15 Dec

Here are messages I texted while I was sitting perfectly still in Portland’s Snowmaggedon traffic:

Traffic jam ahead. Traffic jam ahead. Traffic jam ahead. Shut up, GPS.

Highway 5 is a very long parking lot. I don’t normally text behind the wheel, but my car is in park. I haven’t seen any vehicles move in several minutes…except perhaps to turn around, which from what I can tell means they’re driving the wrong way down an exit ramp.

If you live in Oregon, and snow is in the forecast, stay home! No matter what your plans are, no matter if you’ll miss class or work, stay home!


Bloody hell, I got home at 12:09 am. I started driving at about 2:45 pm. It took me about nine and a half hours to drive from Portland, a route that customarily takes about two hours.

As I finally drove up my street in the middle of the night, the neighborhood was silent and still. Several trees were lying in the street, because while I was foolishly away (I should have stayed home!), there had been an ice storm, the biggest in somewhere between thirty and forty years. All the tree branches are coated with a thick coat of ice.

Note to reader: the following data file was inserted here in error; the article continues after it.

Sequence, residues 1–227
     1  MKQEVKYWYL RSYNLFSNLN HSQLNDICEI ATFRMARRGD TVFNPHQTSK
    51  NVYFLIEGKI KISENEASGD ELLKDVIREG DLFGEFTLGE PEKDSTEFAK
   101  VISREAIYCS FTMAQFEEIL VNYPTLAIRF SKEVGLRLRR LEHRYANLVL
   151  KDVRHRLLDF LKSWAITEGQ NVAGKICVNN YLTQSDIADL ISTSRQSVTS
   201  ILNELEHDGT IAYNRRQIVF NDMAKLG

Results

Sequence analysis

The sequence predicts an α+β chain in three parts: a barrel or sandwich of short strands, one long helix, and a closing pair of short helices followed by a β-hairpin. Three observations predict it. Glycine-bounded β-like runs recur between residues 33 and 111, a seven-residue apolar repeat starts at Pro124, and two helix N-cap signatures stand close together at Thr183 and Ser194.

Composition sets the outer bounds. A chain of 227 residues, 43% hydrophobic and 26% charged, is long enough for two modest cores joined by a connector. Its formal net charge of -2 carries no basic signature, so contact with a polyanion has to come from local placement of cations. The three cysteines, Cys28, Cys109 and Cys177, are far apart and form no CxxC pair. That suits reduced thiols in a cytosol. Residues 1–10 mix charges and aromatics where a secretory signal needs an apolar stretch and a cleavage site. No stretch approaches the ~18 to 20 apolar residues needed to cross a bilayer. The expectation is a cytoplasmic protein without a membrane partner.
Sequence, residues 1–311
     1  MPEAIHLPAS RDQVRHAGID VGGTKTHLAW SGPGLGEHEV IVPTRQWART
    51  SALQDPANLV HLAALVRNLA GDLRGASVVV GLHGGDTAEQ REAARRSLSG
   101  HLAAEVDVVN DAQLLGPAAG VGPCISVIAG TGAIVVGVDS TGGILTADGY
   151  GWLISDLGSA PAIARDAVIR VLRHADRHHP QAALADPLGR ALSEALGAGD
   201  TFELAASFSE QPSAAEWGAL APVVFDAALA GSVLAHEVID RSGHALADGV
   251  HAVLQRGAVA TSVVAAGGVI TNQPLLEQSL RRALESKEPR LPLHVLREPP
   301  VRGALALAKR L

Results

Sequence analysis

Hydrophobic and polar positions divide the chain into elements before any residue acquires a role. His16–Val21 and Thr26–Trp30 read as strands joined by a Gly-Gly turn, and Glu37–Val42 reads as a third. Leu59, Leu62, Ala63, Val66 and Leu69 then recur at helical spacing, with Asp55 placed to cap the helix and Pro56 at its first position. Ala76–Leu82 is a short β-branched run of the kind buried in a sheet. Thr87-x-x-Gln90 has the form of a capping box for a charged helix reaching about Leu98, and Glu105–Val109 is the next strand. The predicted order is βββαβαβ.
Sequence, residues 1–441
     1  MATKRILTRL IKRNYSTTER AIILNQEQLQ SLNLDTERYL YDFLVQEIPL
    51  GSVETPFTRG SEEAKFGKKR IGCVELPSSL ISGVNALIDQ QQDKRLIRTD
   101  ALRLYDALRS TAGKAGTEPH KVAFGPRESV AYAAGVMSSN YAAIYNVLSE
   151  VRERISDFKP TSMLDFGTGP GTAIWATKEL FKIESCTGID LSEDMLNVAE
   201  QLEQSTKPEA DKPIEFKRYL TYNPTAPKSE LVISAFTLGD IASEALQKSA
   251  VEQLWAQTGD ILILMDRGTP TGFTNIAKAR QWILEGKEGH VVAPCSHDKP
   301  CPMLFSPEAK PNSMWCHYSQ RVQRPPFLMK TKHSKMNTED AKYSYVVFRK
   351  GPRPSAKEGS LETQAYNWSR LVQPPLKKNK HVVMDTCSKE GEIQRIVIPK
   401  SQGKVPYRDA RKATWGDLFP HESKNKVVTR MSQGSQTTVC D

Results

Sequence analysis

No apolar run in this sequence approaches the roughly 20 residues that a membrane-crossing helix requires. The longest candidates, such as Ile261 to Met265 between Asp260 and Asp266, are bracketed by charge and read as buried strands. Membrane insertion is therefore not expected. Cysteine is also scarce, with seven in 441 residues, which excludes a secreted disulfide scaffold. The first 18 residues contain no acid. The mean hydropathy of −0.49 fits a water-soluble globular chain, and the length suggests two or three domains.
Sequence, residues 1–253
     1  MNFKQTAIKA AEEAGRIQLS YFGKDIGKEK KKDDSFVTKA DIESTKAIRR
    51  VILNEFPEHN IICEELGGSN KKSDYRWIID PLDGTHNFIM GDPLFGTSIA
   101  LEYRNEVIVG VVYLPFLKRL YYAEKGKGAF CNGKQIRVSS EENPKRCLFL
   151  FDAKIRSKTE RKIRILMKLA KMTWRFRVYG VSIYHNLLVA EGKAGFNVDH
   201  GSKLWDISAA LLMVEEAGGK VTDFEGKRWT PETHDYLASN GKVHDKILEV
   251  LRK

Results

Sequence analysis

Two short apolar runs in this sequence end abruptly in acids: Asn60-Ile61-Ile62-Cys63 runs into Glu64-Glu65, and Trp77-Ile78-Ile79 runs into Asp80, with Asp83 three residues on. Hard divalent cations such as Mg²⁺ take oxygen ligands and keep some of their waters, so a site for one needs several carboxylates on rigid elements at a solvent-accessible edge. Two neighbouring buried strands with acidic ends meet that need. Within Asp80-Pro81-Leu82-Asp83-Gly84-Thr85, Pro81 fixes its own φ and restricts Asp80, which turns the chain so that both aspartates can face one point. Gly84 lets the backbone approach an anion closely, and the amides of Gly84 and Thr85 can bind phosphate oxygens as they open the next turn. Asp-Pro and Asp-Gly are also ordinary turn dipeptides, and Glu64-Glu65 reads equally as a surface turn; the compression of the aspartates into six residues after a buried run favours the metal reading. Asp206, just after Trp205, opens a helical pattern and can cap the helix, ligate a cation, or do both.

If you don’t live in or near Portland, you might wonder what causes the traffic to stop. It is illegal to use rock salt in Oregon, for environmental reasons, and the city of Portland has a minimal number of plows, simply because it doesn’t snow frequently enough to make the expense of sufficient plows a high priority. In a typical winter, it will rain a great deal, and it will snow once or twice, at most three inches, and those few inches melt away within twenty-four hours. However, some winters are exceptions. Another problem may be that quite a number of drivers, especially California transplants, don’t know how to drive in snow. Some people just aren’t driving the best vehicles for such weather, or they’re driving without tire chains.

When I headed out, everyone was leaving school and work early because the snow was coming down heavily. With everyone leaving, well, many vehicles were in the streets and on the highway. I have never in one day/night seen so many vehicles sliding, stuck, pulling over, turning around, or abandoned. It was utter chaos. But I certainly listened to a great many Pandora radio stations…even stations I forgot I bookmarked.

During most of Portland’s Snowpacalypes, I have had the fortunate timing to be out of state, such as visiting family in Phoenix, where it can easily be seventy degrees in December. Now that I recently moved away from Portland, I happened to not check Portland weather before driving off to Portland.


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